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Número de publicaciónUS8688461 B1
Tipo de publicaciónConcesión
Número de solicitudUS 10/357,602
Fecha de publicación1 Abr 2014
Fecha de presentación4 Feb 2003
Fecha de prioridad29 Mar 2002
Número de publicación10357602, 357602, US 8688461 B1, US 8688461B1, US-B1-8688461, US8688461 B1, US8688461B1
InventoresJohn A. Richards, Pamela Holland, J. Harvey Trimble, Mark Oliphant, Mark A. Timmick
Cesionario originalFannie Mae
Exportar citaBiBTeX, EndNote, RefMan
Enlaces externos: USPTO, Cesión de USPTO, Espacenet
Electronic registry for authenticating transferable records
US 8688461 B1
Resumen
An electronic registry stores information relating to a transferable electronic record and the controller of an authoritative copy of the transferable electronic record. The electronic registry includes information for authenticating a true copy of the authoritative copy of the transferable electronic record. The electronic registry also facilitates registration of the transferable electronic record and transfer of legal rights associated therewith.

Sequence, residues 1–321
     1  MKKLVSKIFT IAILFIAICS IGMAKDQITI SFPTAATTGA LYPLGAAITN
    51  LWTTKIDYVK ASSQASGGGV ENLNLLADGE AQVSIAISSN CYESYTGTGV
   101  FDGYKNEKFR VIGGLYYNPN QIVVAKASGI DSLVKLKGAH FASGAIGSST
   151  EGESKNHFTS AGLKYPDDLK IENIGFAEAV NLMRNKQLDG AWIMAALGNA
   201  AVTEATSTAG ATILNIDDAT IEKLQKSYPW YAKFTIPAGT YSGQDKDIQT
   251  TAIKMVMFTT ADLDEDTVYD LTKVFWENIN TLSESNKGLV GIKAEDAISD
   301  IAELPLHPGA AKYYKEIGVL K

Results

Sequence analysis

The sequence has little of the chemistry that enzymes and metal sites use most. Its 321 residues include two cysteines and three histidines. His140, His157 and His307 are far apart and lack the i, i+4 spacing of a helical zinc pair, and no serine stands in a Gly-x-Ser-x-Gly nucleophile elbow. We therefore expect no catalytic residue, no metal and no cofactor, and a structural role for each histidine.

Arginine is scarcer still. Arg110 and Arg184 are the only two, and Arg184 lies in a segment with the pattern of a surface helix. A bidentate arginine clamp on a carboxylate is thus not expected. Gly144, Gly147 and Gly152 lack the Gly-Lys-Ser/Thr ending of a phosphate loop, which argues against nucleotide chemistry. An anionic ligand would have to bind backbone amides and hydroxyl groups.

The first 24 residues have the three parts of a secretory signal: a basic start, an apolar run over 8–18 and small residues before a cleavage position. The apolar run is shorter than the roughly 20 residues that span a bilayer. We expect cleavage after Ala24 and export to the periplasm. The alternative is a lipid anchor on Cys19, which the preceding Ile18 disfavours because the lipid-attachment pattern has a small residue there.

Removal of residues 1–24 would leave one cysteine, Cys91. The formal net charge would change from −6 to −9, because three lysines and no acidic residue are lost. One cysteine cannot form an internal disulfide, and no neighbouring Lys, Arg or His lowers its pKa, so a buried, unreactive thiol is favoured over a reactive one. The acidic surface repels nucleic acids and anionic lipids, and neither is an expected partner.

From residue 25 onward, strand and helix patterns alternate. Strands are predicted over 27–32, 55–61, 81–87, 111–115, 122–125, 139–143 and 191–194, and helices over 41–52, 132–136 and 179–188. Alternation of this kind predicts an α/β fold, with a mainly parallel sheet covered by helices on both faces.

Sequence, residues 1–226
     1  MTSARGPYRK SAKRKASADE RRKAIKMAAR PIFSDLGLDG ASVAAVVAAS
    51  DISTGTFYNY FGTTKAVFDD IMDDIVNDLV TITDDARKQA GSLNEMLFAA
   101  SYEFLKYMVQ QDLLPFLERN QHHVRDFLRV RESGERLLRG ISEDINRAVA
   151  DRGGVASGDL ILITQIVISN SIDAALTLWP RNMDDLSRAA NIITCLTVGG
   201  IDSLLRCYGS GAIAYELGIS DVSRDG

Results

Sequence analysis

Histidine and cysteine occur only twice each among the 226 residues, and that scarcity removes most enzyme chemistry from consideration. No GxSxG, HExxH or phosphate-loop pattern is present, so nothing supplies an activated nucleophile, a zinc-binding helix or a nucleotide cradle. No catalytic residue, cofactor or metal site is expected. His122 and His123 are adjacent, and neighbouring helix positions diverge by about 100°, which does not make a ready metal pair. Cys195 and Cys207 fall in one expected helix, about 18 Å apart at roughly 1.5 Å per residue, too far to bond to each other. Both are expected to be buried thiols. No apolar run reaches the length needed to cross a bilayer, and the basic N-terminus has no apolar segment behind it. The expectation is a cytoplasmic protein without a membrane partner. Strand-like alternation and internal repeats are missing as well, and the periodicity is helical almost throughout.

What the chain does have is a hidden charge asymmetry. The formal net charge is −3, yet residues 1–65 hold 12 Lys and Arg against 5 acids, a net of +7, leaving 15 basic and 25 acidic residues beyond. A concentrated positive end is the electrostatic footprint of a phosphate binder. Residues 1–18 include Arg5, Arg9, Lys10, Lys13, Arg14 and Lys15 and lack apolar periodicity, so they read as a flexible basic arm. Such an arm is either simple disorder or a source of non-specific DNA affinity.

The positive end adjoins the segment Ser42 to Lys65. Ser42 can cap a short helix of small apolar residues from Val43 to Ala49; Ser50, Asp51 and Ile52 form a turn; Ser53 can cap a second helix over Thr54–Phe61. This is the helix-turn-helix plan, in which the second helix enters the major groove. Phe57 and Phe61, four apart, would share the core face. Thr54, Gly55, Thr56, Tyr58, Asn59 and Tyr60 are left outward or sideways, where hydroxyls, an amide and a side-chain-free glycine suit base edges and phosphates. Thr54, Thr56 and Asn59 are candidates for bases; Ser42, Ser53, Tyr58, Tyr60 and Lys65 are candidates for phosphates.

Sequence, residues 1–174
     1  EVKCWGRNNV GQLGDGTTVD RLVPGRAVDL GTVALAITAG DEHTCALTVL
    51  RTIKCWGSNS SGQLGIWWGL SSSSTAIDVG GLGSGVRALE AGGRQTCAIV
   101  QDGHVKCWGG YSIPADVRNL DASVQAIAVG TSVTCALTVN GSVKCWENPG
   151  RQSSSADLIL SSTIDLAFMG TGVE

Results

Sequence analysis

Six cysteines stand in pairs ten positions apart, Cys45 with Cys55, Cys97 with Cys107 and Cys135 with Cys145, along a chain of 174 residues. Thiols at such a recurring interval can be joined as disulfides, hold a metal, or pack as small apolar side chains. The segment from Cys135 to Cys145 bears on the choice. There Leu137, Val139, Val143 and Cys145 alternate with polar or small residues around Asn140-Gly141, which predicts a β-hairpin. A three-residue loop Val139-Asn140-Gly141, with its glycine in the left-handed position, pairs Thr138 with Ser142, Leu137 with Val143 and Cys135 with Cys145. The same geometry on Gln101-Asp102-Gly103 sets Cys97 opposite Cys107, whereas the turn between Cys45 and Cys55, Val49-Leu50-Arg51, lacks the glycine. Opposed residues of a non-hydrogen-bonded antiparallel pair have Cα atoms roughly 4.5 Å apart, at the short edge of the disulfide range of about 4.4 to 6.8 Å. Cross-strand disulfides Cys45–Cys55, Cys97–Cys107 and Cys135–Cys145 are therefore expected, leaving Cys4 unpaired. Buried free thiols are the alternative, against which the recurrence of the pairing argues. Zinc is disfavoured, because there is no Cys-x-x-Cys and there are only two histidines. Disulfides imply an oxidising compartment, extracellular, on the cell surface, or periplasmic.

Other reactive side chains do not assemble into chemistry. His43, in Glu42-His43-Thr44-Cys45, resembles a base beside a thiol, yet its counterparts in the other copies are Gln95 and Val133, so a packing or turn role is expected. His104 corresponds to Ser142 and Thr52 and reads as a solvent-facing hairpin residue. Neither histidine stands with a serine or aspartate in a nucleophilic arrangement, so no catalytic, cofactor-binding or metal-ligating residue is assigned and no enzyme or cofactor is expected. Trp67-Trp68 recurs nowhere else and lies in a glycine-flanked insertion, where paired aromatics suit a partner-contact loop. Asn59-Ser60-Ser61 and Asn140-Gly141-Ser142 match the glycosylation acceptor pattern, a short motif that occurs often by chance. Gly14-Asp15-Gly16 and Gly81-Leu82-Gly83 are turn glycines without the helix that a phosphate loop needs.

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Reclamaciones(17)
The invention claimed is:
1. An electronic registry system, comprising:
a processor;
a network communications unit, configured to receive user input and to transmit output information;
a storage unit;
a memory including program code stored thereon, the program code being executable by the processor to perform operations comprising:
receiving, as user input, a true copy of an authoritative copy of a finally executed transferable electronic record;
storing a unique record identifier for the received true copy;